We watch... so you don't have to.

Fall '99: "Oh Grow Up"

As part of the toughest military training in the world, Navy SEAL trainees are introduced to a perfectly demonic exercise known as surf torture. It's a pretty straightforward test of mental discipline: The young pups are ordered to sit on the beach while the waves of the Pacific Ocean lap over them.

But for those of you unfamiliar with the Southern California stretch of the Pacific, you can forget what you've seen on Baywatch. The ocean is not a tropical paradise -- rather, its temperature ranges anywhere from the upper 50s to mid 60s. That, my friends, is damned cold.

The trainees sit in the surf zone for 10-15 minutes depending on water temperature. They get out for a few minutes while a doctor checks all of them for hypothermia, and then it's back in the pool. This cycle continues for as long as the class instructors feel its necessary to break the wills of the trainees.

It doesn't take long for some of them to succumb: tough guys moaning and sobbing, pissing themselves just for warmth. The deafening roar of chattering teeth makes it sound like some bizarre maraca-players convention. If you're really lucky, you're in the middle of a storm, so the waves are big enough to knock you over, nearly drown you in salt water and give you just enough time to right yourself before getting hit again.

The instructors are on top of things, doing their best to get the trainees to give up. They'll set up tables with coffee makers steaming away, fresh cinammon rolls dripping with glaze and stacks of heavy blankets. They'll stand over the class using megaphones to remind the students just how cold and miserable they really are and how there's a hot shower waiting at the barracks. All they have to do is quit.

This works well. For those who don't give up, however, the cold is so overwhelming that hours later they will break into uncontrollable shivers at the mess hall just trying to drink a glass of milk.

Most of you will never know this kind of utter physical misery, and why would you want to? But for those few perverted few who think this sounds like a good time, you now have an opportunity to experience it without joining the Navy.

All you have to do is watch Oh Grow Up.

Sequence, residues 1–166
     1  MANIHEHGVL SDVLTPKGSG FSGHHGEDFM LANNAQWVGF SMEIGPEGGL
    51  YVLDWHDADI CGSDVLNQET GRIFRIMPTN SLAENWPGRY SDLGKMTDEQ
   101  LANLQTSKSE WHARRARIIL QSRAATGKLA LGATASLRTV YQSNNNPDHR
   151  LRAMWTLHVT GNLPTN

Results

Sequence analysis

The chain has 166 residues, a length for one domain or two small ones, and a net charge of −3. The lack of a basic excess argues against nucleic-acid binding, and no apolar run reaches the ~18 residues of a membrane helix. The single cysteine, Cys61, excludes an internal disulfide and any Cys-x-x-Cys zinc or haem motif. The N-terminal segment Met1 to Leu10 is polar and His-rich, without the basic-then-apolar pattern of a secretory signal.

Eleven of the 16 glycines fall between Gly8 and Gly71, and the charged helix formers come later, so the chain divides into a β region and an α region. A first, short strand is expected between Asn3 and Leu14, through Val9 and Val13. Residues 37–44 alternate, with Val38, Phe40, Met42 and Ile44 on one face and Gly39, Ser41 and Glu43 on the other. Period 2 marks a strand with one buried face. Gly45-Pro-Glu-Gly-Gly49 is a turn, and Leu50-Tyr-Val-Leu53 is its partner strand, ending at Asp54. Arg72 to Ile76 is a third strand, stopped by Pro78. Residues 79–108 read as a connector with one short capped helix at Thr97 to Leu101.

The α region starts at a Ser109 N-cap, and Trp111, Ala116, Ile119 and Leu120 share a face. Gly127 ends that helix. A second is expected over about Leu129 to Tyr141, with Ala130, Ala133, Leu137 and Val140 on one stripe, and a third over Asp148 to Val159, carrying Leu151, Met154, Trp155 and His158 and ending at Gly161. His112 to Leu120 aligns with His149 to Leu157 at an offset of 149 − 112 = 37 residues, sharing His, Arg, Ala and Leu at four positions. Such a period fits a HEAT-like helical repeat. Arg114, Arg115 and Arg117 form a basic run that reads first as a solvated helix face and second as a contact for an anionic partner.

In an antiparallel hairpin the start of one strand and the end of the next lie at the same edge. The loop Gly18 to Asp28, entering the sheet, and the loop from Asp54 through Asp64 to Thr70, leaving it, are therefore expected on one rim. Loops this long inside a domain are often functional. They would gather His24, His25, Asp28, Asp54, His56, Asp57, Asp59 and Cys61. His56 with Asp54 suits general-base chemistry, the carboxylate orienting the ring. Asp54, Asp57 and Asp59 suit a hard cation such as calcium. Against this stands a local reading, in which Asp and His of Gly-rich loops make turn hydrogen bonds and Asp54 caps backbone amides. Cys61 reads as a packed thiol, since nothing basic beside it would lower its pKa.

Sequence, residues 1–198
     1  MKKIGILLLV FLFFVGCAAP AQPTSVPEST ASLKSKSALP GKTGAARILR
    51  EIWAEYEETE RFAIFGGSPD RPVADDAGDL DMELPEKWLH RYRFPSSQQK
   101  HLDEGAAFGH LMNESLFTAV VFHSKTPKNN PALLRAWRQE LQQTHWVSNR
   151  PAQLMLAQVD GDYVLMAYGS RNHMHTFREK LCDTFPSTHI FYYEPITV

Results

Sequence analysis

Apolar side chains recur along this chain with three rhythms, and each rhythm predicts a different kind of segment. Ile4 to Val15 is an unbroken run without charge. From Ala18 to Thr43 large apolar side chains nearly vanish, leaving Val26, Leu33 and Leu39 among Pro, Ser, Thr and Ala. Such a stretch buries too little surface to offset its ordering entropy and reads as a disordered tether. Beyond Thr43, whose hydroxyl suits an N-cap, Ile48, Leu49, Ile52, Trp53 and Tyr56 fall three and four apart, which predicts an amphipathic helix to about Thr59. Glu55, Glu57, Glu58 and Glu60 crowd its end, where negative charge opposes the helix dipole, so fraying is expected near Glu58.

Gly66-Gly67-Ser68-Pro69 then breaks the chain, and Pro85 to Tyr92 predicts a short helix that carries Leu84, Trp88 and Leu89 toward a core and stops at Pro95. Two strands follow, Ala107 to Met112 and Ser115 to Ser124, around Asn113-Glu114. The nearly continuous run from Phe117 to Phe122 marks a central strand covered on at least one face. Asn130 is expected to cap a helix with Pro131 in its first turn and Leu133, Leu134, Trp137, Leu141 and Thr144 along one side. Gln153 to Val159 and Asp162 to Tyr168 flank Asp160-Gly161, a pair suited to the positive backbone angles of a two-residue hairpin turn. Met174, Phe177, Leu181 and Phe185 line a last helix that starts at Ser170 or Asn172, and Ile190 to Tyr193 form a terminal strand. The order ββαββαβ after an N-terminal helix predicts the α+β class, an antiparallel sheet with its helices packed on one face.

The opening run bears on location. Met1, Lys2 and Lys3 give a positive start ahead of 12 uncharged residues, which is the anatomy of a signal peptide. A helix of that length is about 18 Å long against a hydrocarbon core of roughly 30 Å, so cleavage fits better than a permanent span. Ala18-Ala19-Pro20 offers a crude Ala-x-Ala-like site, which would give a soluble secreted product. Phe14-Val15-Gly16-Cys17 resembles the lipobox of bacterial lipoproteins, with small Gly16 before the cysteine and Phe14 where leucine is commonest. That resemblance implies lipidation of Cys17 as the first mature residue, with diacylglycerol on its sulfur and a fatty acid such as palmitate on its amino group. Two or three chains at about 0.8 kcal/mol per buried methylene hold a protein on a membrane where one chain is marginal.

Sure, it's just a half hour, but just like the SEAL trainees counting the milliseconds until surf torture is over, you too will find time stopping. You think you're tough enough to get through it. That it really isn't bad, you've gotten through 28 minutes, that all you have to do is grit your teeth and it'll all be over in just a matter of seconds. Then you look at the clock and you realize it's only 9:35.

The show revolves around three guys in their mid-30s, Hunter, Norris and Ford, old college roommates. The three share a house, Ford having moved in after deciding he's gay and dumpig his wife. Hunter runs a construction company, Norris is a struggling artist and Ford is a lawyer. I'm pretty sure they live in New York. I have no idea who the actors are, nor do I care to find out. It doesn't matter, if they're still on television in two weeks, I will be very surprised.

Something happens in the pilot and then something else happens and before you know it, Hunter is meeting his teenage daughter that he never knew he had and she's moving to New York and Norris is trying to convince some gay Australian to sleep with Ford's ex-wife who likes his paintings.

Or something like that. Truth be told, I lost conciousness in the middle of the episode. Extreme pain will do that to you.

Oh Grow Up is the first television show I've ever seen that actually hurts to watch. It starts innocently enough with a gentle throbbing at the temples before progressing rapidly into the kind of pain once available only to certain members of the Navy willing to sit in the Pacific Ocean in the middle of the night. The only possible reason this show made it on the air is beacuse former ABC boss Jamie Tarses knew she was going to get canned and decided to inflict Oh Grow Up on the network as her final revenge.

I vaguely recall there was a daughter named Chloe and that when she meets her dad it is the most awkward, ridiculous reunion scene sice last week's Jerry Springer show. There was also a scene with Ford's wife getting drunk and calling her ex-huband a nancy boy.

And there was a talking dog. Well, not exactly talking like the Sabrina cat, but one that barks with the aid of subtitles. At the beginning of the episode, Hunter and his girlfriend kissed. The dog barked. The subtitle read "Get a room." I started whimpering like a little girl.

Visions of surf torture haunted me, except the instuctors weren't standing over me with hot coffee and blankets. They had TVs. One instructor handed me a remote and said "Go ahead, maggot, switch over to The West Wing. You know you want to. All you have to do is press the button, give up and watch some decent TV for a change. You don't need this kind of pain." I shoved the remote back in his face. I kept watching. I was too tough too quit. And too stupid.

I know this isn't much of a review, but like the SEALs starting to shiver hours after surf torture is over for the night, just thinking about Oh Grow Up is enough to induce a migraine. What we have here is a television show that should only be viewed on a dare or bar bet made by masochists looking to prove how much pain they can take. But be warned: you won't last long.

And unlike the SEAL trainees who earn a place of honor and distinction for holding on, you will only be subjected to the scorn and ridicule of friends too smart to subject themselves to that kind of pain.


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